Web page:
Ithaca College’s Bureau of Concerts held its first open public forum in an effort to increase student involvement in the selection of musicians it brings in to perform on campus.
In the past, BOC has opened up a survey to the student body to generate a consensus on which artist it should bring in for the big spring show. However, the process of determining what artists make it onto the survey in the first place has been left up to the members of the executive board, which junior Lisa Laffend, executive director of BOC, said is part of the reason they wanted to hold the public forum.
“The artists that end up on that survey have completely been artists that we as a group have come up with, and we would really like to change that and have it start with the student body,” Laffend said.
Laffend opened the Sept. 30 forum with an introduction of the executive board members and an overview of what the organization is about. As declared in its mission statement, BOC functions to bring outside musicians to the college to perform, as well as promote the talents of the students on campus.
Laffend asked the estimated 10 students at the forum to contribute ideas for what genres of music and specific artists they would like to see perform at the college, as well as ways to better reach the student body about upcoming shows and events. About half of the students contributed to the discussion, mainly looking for more diverse artists to perform.
Decades ago, BOC brought in some artists that are widely recognized today. According to BOC’s historians, The Beach Boys came to the college in the 1960s, and The Roots came in the early 2000s.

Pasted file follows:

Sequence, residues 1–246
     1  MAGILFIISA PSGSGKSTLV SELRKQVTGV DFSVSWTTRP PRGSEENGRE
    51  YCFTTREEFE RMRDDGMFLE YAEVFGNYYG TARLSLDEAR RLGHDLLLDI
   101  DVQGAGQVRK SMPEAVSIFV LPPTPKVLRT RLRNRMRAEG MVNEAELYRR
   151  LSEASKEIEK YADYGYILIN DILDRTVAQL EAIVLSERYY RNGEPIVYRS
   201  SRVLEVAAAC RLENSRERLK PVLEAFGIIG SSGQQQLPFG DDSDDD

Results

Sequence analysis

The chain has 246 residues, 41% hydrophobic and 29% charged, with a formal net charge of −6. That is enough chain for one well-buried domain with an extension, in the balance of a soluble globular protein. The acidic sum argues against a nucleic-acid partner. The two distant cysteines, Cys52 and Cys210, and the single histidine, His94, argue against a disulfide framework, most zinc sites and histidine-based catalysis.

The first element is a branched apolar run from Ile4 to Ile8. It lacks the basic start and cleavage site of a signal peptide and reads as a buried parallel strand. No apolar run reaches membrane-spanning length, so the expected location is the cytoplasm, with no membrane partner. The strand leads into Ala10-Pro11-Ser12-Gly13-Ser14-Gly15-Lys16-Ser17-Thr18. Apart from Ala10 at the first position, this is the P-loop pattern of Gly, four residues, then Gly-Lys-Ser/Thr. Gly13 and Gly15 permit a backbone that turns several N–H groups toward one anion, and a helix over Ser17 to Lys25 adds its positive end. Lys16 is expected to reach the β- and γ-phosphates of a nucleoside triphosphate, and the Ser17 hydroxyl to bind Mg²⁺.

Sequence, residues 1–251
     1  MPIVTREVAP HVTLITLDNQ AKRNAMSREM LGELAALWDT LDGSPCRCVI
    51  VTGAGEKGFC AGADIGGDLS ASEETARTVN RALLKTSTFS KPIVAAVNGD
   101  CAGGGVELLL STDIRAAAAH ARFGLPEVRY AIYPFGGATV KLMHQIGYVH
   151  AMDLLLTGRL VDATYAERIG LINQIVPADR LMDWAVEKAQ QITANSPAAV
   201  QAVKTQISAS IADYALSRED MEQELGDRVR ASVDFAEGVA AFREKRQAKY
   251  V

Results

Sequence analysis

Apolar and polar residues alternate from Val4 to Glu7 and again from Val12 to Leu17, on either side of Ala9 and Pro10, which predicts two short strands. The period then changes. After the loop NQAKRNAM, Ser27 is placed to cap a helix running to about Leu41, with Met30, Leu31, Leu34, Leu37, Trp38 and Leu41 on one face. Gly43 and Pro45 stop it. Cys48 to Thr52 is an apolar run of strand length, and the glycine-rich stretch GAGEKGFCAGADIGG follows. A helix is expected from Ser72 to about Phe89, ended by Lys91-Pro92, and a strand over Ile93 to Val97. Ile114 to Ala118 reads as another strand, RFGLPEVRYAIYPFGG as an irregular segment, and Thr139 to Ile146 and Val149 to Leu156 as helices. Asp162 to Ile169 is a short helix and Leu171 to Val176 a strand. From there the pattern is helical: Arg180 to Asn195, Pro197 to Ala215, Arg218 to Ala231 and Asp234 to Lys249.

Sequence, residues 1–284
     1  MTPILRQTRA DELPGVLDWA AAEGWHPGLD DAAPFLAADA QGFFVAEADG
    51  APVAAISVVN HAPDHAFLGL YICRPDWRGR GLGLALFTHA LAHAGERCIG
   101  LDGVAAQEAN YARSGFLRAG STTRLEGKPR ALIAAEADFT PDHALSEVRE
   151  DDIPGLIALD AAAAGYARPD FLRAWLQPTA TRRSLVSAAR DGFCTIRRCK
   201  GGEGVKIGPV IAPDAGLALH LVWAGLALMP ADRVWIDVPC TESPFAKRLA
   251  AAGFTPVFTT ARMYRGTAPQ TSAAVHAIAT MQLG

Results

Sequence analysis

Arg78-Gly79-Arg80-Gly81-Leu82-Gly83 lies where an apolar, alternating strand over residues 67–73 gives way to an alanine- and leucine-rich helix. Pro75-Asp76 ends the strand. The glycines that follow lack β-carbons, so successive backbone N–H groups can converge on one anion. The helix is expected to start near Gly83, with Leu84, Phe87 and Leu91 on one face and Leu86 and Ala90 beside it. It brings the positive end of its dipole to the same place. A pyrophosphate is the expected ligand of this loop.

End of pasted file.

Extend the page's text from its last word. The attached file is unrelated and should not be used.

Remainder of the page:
Senior Delaney DuBois, ticket sales team member, said at the time that some of these musicians performed at the college, they were still on the rise and had not reached their current level of notoriety. The Beach Boys had just earned their first No. 1 hit with “I Get Around” in 1964, and The Roots weren’t the house band on “Late Night with Jimmy Fallon” until 2009.
Also, BOC used to invest its entire budget on one big show every year, Laffend said.
Kyle Stewart, Student Government Association vice president of communications, said BOC has a budget of $40,000 a year.
In an effort to appeal to more students through offering a greater variety of artists, BOC now aims to put on four small- to medium-sized shows throughout the school year, plus a show at IC Kicks Back, an annual end-of-the-year celebration for students at the college.
Several students at the forum, including sophomore Chelsea Rance, said they would like to see BOC further diversify the genres of artists it brings to campus.
“I feel like right now the only people that really know about the BOC are the people that are more into indie and alternative music,” Rance said.
Rance suggested BOC reach out to other student organizations on campus to facilitate better communication with the entire student body.
“It could be through talking to the presidents of all kinds of clubs that work with students, whether it’s PRISM or one of the [African, Latino, Asian and Native American] groups. Just getting people to spread the word more I think could go far,” Rance said.
BOC has previously worked with other student organizations on campus, like the Student Activities Board, to combine budgets and put on bigger shows, including the most recent collaboration in January 2015 to bring hip-hop artist Jeremih.
The first show of this year was Cloud Nothings, held Sept. 18, and the next will be a student showcase Oct. 30, which is free to students.
Laffend said BOC is looking forward to getting more student input for this year’s big spring show and encourages students to contact the organization with any genre or artist ideas.